One of the creators of children’s TV favourite Bagpuss, Oliver Postgate, who lived in Broadstairs, has died aged 83.
With Peter Firmin, he brought to life the saggy cloth cat which has been voted the most popular children’s televison programme ever.
With their company Smallfilms and working from a converted cow shed at Mr Firmin’s home at Blean, near Canterbury,, the pair were also behind The Clangers, Ivor the Engine and Noggin the Nog among others.
Mr Postgate, who lived at Broadstairs, wrote the scripts and provided voice-overs.
Mr Firmin's daughter Emily said Mr Postgate was a huge influence on her childhood and a great character to have around while growing up.
“How great it was that my dad and Oliver met all those years ago,” she said from her home in Whitstable.
“What they created together will last for a lifetime and has touched the lives of so many people both young and old.
“Oliver was just so distinctive. With all the work they did together, you hear his voice and there’s just something that just takes you back to so many happy memories.
“Bagpuss’ voice is Oliver really, you hear that and it just says it all.”
Mr Firmin is away on holiday and Emily spoke to him on the telephone on Sunday, shortly after he heard the news of Mr Postgate's death.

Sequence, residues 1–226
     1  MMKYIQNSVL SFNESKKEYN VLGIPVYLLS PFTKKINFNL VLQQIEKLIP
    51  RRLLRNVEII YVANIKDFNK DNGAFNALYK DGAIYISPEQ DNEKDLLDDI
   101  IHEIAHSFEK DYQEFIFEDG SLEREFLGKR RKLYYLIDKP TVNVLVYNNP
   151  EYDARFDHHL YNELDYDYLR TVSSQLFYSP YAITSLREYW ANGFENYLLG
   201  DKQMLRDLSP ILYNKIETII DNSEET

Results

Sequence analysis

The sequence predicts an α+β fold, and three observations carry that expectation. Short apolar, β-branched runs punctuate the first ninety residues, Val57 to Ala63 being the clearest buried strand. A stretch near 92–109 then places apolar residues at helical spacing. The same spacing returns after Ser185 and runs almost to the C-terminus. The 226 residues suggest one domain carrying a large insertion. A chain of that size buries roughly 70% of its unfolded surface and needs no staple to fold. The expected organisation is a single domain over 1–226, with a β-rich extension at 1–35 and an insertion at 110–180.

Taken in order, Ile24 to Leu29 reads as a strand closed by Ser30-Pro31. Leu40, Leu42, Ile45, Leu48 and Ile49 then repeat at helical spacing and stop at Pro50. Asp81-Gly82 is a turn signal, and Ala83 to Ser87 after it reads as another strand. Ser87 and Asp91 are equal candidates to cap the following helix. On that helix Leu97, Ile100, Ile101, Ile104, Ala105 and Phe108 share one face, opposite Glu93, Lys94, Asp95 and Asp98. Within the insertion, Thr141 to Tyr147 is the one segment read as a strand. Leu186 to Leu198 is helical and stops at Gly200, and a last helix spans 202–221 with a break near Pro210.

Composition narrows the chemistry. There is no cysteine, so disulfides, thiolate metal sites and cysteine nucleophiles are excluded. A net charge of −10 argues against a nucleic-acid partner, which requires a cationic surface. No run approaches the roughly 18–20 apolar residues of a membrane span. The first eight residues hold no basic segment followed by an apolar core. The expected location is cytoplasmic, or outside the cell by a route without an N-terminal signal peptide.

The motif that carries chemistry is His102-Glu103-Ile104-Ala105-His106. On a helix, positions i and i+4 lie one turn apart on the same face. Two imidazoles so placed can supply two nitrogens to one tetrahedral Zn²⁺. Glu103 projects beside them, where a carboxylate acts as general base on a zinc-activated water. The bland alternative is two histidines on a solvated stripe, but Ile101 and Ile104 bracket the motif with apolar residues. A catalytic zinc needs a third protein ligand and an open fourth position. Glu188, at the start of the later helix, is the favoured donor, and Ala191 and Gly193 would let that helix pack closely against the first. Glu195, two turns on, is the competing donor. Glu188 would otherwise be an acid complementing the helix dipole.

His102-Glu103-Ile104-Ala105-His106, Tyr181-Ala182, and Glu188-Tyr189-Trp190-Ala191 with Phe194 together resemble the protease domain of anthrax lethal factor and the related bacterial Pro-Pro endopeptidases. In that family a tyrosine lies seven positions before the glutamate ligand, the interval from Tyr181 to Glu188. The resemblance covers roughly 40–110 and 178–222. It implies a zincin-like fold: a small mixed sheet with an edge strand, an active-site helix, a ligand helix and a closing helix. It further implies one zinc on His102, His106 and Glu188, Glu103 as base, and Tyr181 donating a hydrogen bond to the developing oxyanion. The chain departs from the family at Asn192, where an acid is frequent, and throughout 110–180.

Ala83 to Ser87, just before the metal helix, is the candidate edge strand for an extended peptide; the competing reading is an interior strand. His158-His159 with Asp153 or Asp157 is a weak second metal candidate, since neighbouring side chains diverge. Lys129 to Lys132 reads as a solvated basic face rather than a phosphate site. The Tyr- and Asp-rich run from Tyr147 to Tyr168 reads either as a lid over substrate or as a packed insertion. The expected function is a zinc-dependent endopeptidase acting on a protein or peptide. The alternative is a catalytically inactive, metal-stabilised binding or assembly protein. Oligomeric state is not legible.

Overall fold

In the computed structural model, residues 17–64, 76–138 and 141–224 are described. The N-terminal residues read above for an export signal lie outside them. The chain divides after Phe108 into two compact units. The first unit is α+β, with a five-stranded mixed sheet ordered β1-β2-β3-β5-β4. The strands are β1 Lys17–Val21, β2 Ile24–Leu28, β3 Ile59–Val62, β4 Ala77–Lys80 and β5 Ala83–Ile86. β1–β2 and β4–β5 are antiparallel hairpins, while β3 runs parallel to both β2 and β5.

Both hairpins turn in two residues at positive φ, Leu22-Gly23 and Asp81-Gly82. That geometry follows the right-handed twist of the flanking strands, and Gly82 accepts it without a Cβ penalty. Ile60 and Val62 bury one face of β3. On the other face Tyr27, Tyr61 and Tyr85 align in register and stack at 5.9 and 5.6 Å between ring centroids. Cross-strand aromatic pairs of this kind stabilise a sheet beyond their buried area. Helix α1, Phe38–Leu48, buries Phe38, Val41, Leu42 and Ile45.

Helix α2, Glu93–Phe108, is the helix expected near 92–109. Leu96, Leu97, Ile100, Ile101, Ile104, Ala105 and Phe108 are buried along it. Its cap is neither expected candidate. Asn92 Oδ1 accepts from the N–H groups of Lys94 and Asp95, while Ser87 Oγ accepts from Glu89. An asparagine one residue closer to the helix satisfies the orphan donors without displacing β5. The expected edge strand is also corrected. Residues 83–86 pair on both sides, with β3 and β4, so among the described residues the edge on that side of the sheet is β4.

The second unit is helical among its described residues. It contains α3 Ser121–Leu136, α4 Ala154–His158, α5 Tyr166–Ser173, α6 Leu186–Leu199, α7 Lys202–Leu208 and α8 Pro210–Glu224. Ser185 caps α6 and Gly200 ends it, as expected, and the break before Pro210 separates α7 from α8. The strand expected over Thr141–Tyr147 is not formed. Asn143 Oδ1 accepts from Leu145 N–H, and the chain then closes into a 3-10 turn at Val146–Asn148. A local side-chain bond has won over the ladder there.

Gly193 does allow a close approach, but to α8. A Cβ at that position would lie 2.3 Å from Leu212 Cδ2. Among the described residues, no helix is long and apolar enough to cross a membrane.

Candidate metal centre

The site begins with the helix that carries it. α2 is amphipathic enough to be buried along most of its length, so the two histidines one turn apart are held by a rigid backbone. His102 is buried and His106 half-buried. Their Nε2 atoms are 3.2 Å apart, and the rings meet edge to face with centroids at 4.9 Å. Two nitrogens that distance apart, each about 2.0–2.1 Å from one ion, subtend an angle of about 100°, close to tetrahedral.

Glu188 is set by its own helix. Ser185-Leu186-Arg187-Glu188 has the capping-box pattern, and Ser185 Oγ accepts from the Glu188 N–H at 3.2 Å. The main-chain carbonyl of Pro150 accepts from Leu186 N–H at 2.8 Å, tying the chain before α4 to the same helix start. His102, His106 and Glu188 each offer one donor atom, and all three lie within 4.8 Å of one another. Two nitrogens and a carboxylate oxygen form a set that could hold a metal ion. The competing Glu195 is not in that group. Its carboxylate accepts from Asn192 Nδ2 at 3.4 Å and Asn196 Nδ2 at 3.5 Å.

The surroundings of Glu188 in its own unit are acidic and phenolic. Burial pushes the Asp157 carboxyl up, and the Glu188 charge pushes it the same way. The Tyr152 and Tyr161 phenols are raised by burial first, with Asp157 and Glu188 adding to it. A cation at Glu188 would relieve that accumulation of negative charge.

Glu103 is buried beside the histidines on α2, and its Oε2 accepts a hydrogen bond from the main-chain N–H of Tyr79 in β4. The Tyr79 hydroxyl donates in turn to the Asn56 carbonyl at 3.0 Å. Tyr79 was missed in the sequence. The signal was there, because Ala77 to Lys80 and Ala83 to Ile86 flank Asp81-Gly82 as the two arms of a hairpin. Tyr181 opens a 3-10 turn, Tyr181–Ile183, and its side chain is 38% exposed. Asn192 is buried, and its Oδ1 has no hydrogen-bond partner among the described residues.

“He’s obviously very shocked about it, but Oliver had been quite ill for sometime and hadn’t been able to make many public appearences and promotions.”
Only 13 episodes of Bagpuss were made in 1974, but were regularly repeated until 1987.
The saggy cloth cat now lives in the Museum of Canterbury in Stour Street, Canterbury.
Earlier this year a deal was struck with a company to produce Bagpuss merchandising but Mr Firmin insisted there were no plans for new television programmes.
The original Clangers puppets are on show at an exhibition of British animation at the Sidney Cooper Gallery in Canterbury until Saturday.
Speaking at the launch in October, Mr Firmin said of his work with Mr Postgate: “It was Oliver’s company that I worked with him on and we went right through from the sixties through to the eighties.
“We were working on a very small budget, but Oliver was able to adapt almost anything to take film, using a 16mm camera and we made pretty much everything from scratch.
“He would just tell me what he wanted and then we loosely sorted out the finances once we’d finished.”
Mr Postgate used his website to put across political views and writings.
He and Mr Firmin were both awarded honorary degrees by Kent University – taking Bagpuss along to receive them.